Farmers voice concerns over new proposed NRD nitrate regulations
Farmers across central Nebraska showed up to an Upper Big Blue Nebraska Resources District meeting in York.
Over a dozen members sit on the NRD board and heard testimony from a handful of farmers. Taking the stand to speak was Jonathan Rempel.
Rempel said he compiled data and numbers, taking 60 hours of research, in hopes of swaying the board to rethink their proposal on nitrate regulations.
“I didn’t wake up looking for a fight, a fight found me,” said Rempel.
The NRD argues NITRATE LEVELS ARE TOO HIGH IN THE GROUNDWATER and action needs to be taken. Otherwise there are serious threats imposed on drink water in the area.
Rod DeBuhr is an assistant manager with the Upper Big Blue NRD and when asked what’s the highest levels he has seen, his response, “The highest amount of nitrates I’ve seen, over 100 parts per million, in this basin in the last 5 years.”
The EPA says anything over 10 parts per million is unsafe.
Much of the Upper Big Blue Basin, which has more than 50,000 residents has had readings of over 7 and in the York area it’s seen readings at the 10 mark.
For people with private wells or communities that don’t have advanced treatment plants it can be a health concern, mainly for newborns.
“Especially for people who have water intake, like a baby formula, things like that, and then there’s some new studies out that suggest nitrates can also be linked to some forms of cancer,” said DeBuhr.
So the NRD has proposed new rules when it comes to applying fertilizer.
It limits the time and amount of fertilizer farmers can put it on their fields. Also calling for an additional time release compound that slows the breakdown of certain kinds of fertilizer into nitrates.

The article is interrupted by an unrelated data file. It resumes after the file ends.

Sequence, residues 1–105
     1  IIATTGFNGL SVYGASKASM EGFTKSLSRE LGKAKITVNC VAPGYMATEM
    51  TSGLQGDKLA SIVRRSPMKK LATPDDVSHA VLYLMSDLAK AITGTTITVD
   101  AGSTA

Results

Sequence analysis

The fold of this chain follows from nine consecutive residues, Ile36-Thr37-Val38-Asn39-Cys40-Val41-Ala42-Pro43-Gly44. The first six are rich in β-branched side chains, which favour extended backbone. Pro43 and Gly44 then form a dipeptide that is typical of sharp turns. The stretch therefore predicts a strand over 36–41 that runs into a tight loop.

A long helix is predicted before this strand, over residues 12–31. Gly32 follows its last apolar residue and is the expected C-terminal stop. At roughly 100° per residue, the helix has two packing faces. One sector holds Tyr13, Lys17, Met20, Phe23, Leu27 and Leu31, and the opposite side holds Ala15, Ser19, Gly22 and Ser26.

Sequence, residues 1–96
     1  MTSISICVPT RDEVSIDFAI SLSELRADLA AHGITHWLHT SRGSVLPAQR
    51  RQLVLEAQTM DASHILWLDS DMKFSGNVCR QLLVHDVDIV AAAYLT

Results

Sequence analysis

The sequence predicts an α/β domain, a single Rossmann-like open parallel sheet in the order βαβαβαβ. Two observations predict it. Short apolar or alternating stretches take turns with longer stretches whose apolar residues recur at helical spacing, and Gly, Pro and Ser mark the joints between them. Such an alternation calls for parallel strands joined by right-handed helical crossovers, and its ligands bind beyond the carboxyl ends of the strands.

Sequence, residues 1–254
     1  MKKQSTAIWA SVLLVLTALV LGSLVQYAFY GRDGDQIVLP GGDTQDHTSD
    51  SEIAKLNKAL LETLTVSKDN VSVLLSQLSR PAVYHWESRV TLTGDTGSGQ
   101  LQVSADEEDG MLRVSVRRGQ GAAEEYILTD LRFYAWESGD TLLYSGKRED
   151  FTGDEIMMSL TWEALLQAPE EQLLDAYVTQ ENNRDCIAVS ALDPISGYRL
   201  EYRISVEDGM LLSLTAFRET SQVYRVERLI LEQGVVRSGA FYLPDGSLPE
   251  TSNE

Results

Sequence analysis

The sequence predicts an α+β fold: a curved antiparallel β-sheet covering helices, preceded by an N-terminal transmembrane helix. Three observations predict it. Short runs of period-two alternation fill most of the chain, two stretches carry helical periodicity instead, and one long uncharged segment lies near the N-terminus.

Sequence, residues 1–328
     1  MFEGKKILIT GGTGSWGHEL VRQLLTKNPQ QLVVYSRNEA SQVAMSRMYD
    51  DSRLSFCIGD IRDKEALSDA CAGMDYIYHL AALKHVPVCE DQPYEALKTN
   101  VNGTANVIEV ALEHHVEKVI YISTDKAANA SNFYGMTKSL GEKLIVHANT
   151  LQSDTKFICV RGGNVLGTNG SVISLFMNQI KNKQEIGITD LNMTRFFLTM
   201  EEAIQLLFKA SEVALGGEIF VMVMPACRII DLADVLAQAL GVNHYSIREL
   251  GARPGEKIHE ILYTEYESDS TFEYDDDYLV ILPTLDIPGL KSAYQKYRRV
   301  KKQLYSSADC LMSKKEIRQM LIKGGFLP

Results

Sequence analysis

Which would prevent the nitrates from releasing and running off into local water supplies.
Farmer Tom Peterson says the changes would cost him an extra $27,000 to $42,000 per year. He says $42,000 is more than he took home last year in earnings.
“You guys are sitting here looking to put a young farmer out of business, this is one way you can do it with the stroke of a pen,” said Peterson.
Projections to out of pocket farmer expense:
“The average producer will have to spend a minimum of 30 dollars an acre to accomplish the rules that are laid out,” said Rempel. “This action you are proposing to take is at best unproven, unreasonable, unaffordable and impossible to implement.”
Many farmers say they already play by the rules and use the minimum amount of nitrogen needed.
“This land is part of us. We love this land, no one can take care of this farm land more than us,” said Greg Boehr.
The farmers hope to see more economic studies and research into the possible changes.
“Not every time there is a problem does the government need to make regulations. A lot of the time you can do things through education,” said Andy Peard of Phillips, NE.
Road blocks will be faced along the way. Both sides agree to that. However there are solutions to be implemented and common ground needs to be found for an answer.
“It’s not a fast fix, it’s taken us a lot of years to get to where we are and it will take us a lot of years to get to where it is remediated,” said Water Dept. Manger with the NRD, Marie Krausnick.
“Hopefully all of us working together can come up with some sort of solution that works for the farmers and works for all the people that drink the water,” added Krausnick.